Anaerobic Soils - Restoring Function Using EM
Most soils are aerobic. This is important because plant roots consume oxygen and carbohydrates while releasing carbon dioxide and there must be sufficient air—especially oxygen—in the soil to support most forms of soil life.
In addition to plant roots, most forms of soil microorganisms need oxygen to survive. Anaerobic conditions result from a restriction of oxygen in the soil. This can occur in a number of ways including but not limited to wetlands, paddy soils, poorly drained soils, over cultivation, heavy textured soils, areas with a high water table, pugging from animals and heavy rainfall coupled with poor drainage. The effect of an anaerobic environment changes both chemical and biological aspects of the soil which will have a serious impact on the biological activity with many soil microorganisms unable to survive without oxygen. Anaerobic conditions in soil affect plant productivity as well as organic matter and nutrient dynamics. It will also severely impact plant roots and restrict the growth of plants which aren’t adapted to this type of environment. The effects on plants include a slowing of leaf and shoot extension, a yellowing of the older leaves, wilting and disease. Anaerobic soils, have high populations of putrefactive microbes which are reductive and produce toxins, these soils have higher levels of soil borne diseases and result in low production.
Restoring Aerobic Conditions with EM
EM as many people know is a blend of microorganisms design to work in synchronicity to enhance the soil, plant and environment. What many people won’t know is that EM contains facultative microbes. Facultative means microbes that can live both with oxygen, and also in low oxygen conditions. They can operate effectively in an anaerobic soil and help restore the soil to an aerobic system. Using EM produces a regenerative environment and will stimulate resident aerobic microbes to once again function helping to change the environment. This will speed up the process in restoring the aerobic function to an anaerobic system.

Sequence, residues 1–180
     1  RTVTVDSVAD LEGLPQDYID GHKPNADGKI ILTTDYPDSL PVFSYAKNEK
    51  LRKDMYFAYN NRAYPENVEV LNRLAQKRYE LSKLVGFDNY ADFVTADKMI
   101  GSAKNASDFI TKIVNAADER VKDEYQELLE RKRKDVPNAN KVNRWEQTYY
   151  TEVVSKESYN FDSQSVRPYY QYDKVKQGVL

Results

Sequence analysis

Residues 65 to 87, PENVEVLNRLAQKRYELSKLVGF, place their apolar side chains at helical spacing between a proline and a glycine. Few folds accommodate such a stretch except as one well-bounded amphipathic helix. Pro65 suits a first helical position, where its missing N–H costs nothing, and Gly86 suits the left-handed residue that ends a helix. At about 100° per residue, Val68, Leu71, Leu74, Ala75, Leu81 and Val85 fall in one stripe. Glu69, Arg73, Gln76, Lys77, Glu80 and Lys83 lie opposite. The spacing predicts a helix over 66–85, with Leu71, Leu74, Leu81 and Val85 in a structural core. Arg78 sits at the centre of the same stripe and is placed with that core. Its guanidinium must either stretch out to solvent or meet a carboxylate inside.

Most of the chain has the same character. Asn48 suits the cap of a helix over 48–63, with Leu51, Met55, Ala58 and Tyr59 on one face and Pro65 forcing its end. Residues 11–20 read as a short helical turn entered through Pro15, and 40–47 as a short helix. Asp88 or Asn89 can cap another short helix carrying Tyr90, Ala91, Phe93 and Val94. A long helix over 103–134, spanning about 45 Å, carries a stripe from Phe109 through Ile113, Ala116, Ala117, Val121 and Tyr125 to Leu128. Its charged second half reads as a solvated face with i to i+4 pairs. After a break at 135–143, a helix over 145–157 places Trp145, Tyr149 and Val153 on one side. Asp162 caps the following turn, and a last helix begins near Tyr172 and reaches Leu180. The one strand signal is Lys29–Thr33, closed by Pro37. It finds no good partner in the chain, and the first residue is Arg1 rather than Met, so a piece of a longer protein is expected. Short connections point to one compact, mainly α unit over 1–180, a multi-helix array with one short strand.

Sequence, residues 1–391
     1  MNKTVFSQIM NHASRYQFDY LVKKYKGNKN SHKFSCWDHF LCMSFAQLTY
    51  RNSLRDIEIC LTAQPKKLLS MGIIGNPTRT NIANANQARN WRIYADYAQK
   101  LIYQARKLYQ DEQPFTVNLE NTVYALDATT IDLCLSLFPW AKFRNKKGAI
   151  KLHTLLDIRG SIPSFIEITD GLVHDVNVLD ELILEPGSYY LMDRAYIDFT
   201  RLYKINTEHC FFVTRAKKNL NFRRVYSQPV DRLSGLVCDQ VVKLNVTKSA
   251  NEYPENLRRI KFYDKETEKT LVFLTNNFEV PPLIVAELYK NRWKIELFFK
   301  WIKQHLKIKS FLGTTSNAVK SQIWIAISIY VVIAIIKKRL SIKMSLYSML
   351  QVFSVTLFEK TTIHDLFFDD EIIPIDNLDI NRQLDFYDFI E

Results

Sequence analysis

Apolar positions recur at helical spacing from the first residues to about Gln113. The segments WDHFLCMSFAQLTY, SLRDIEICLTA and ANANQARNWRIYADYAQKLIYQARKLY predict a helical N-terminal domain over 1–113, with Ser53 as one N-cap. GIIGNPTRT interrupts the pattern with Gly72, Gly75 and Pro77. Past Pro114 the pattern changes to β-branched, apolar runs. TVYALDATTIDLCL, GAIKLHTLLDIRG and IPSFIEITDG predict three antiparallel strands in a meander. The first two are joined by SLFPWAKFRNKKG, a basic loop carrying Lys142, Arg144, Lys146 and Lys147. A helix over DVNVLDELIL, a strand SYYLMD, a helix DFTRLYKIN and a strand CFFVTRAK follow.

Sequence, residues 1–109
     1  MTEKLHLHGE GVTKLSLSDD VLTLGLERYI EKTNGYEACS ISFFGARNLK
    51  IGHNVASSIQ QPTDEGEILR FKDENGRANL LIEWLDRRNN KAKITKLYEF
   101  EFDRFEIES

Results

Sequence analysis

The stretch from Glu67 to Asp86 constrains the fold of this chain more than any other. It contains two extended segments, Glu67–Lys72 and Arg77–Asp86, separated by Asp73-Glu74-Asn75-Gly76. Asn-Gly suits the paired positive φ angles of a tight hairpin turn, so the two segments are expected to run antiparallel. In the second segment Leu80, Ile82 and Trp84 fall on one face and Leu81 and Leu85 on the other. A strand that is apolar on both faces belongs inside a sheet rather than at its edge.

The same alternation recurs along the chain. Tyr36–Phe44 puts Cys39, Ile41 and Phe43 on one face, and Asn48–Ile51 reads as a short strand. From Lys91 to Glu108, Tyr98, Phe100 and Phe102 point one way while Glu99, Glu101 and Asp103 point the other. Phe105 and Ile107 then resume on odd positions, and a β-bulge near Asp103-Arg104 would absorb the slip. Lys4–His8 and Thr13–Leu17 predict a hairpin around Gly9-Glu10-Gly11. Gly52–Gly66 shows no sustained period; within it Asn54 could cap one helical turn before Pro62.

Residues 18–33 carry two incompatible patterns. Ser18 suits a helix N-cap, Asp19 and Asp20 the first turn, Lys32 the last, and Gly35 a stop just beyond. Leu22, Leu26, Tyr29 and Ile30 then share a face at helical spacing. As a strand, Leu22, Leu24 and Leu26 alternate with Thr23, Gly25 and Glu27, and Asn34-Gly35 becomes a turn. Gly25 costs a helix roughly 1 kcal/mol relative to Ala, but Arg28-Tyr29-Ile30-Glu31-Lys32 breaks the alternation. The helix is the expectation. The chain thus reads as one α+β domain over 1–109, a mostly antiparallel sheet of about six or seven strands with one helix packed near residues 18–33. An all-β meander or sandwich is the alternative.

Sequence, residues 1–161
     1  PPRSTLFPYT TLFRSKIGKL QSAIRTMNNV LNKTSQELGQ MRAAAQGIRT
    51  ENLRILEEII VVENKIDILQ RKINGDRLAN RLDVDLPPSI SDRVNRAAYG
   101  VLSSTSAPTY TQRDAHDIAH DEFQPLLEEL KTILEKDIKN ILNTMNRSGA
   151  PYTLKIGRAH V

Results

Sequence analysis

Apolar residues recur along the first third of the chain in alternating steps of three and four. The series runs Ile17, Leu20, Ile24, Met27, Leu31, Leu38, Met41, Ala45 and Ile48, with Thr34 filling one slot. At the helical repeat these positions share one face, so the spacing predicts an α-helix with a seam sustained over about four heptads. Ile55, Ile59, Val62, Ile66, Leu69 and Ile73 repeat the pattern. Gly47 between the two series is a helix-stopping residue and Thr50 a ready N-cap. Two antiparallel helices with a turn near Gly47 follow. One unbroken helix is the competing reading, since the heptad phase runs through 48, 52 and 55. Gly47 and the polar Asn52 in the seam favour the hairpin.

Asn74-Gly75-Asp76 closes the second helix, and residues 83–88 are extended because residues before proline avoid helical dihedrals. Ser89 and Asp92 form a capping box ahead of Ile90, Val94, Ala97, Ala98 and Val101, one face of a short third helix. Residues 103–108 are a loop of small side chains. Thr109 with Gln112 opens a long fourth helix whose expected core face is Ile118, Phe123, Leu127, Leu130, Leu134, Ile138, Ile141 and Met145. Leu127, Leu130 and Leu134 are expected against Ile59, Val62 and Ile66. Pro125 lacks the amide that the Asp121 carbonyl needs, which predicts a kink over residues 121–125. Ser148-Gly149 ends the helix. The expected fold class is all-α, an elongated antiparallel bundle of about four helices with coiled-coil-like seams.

One recent example of this was in Northland. A farmer who had done all of the right things in regards to his soil fertility (he followed the Albrecht-Kinsey method) couldn't understand why his pasture production was poor and clover non-existent. The farm itself had recently had high rainfall and a heavy stock rate which pugged his soils. The soil smelled very sour so a decision was made to use a microbial inoculant to try to stimulate the soil biology to help remedy the situation. Luckily the farmer had a thorough soil consultant, who after doing some research contacted us at EMNZ about using EM. The suggestion was to use 20L per ha pf EM along with 5L of Fish Hydroysate (as an additional food source for the EM) to stimulate to biology and help restore the natural aerobic function of the soil.
The pictures illustrate the changes just 3 weeks later. The big visual difference is the clover which has taken off, so much so that the farmer commented that he has never seen clover like it on his property. Other positives were a significant improvement in pasture production, a sweeter smelling soil and an abundance of worms. There are still improvements to be made but this shows the big impact a change in biological activity can have.
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